Michael Gerson’s op-ed “Insurance rule declares war on religion” is just one of many I’ve seen lately that make this entirely spurious claim. No one said that any of those who believe that contraception is immoral has to use it, the Obama administration simply said that insurance has to cover contraception for those who choose to use it.
But let’s assume for the moment that the Bishops and others making this case have it right, what then do you say to the Christian sect known as Quakers who say that war is against their religion, should we close the Defense Department? Should we allow Quakers a discount on their taxes so they aren’t paying for this nation’s wars in Iraq and Afghanistan and the not quite wars in Yemen and Libya?
What if a religious group opposed Viagra and other drugs used to treat erectile dysfunction? Their argument might be that if God intended you to have sex he wouldn’t have taken away your ability to have an erection. Would that group have the right to deny coverage for such drugs from any insurance plan they offered their secular employees?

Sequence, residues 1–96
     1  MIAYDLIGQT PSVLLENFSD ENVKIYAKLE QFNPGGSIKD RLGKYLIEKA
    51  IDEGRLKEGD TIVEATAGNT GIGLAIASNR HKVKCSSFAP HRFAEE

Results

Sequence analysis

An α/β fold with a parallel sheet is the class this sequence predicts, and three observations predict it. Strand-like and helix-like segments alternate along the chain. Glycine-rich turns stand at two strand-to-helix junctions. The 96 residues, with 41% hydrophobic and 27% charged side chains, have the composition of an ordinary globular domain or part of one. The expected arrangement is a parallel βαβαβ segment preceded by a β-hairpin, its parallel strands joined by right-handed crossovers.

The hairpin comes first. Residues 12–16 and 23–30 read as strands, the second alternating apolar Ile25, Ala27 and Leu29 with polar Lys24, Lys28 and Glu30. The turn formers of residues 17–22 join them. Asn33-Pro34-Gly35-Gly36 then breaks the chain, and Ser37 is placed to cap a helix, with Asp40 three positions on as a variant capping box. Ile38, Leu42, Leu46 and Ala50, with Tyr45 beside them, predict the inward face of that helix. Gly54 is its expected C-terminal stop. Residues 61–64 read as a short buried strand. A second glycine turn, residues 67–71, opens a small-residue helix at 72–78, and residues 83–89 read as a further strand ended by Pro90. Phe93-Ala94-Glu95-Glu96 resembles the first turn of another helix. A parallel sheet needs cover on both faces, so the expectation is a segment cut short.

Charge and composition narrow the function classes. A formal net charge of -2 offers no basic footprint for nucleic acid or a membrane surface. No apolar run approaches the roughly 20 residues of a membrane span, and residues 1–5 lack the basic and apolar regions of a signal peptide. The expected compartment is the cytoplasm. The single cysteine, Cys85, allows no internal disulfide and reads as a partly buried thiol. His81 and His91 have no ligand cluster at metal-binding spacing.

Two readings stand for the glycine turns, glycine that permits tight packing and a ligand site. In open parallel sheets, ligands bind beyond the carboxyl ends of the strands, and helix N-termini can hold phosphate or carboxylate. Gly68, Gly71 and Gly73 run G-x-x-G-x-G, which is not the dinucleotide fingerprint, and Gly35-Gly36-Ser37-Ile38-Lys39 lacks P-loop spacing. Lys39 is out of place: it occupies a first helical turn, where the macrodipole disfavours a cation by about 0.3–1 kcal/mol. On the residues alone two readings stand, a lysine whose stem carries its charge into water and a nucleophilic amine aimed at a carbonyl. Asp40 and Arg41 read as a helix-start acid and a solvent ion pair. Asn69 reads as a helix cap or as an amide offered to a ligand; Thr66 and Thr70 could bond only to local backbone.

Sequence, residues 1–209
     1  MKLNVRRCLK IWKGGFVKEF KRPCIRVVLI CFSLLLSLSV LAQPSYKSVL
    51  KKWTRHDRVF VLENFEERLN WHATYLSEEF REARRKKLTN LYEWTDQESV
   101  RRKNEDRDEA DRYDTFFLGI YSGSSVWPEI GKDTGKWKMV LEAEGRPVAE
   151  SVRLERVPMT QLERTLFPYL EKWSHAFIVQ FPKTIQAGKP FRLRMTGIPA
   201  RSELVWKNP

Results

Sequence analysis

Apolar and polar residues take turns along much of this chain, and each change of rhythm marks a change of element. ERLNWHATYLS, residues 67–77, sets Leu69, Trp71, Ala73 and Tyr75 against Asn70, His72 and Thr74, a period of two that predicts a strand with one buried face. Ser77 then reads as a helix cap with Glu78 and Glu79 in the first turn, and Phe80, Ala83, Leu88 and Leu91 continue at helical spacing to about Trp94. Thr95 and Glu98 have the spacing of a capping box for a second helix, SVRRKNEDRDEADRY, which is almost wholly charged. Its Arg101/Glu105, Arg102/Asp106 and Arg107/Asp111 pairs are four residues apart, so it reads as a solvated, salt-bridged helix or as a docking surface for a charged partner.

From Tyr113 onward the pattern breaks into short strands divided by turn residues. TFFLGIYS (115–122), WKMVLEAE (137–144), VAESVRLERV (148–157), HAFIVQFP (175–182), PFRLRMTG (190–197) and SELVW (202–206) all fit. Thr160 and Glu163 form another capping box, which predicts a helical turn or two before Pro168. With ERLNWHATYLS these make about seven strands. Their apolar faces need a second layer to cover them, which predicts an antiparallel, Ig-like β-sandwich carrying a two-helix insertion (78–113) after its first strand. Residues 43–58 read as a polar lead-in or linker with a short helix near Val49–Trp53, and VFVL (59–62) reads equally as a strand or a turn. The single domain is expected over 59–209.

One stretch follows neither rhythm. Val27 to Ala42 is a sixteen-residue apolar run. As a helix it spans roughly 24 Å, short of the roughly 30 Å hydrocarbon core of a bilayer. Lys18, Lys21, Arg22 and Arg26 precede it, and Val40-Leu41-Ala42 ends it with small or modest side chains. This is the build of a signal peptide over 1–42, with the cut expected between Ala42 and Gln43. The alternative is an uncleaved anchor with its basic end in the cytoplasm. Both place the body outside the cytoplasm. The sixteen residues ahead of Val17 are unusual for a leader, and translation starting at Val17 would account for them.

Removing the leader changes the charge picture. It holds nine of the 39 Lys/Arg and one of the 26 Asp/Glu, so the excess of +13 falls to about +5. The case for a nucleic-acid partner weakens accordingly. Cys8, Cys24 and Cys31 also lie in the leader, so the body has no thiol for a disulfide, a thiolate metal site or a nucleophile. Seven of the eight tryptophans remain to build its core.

As the group Americans United for Separation of Church and State frequently reminds us, this is a secular nation of laws not a theocracy based on the Christian Bible. That’s a good thing, because as you can tell from the variety of Christian sects they don’t even agree on a single interpretation of their own holy book.
Open thread for night owls: Shallow media transform net neutrality struggle into clash of brands - *John O’Day* at* Fairness & Accuracy in Reporting* writes—*Net Neutrality Reduced to Mogul vs. Mogul in Corporate Media’s Shallow Coverage*: A common re...
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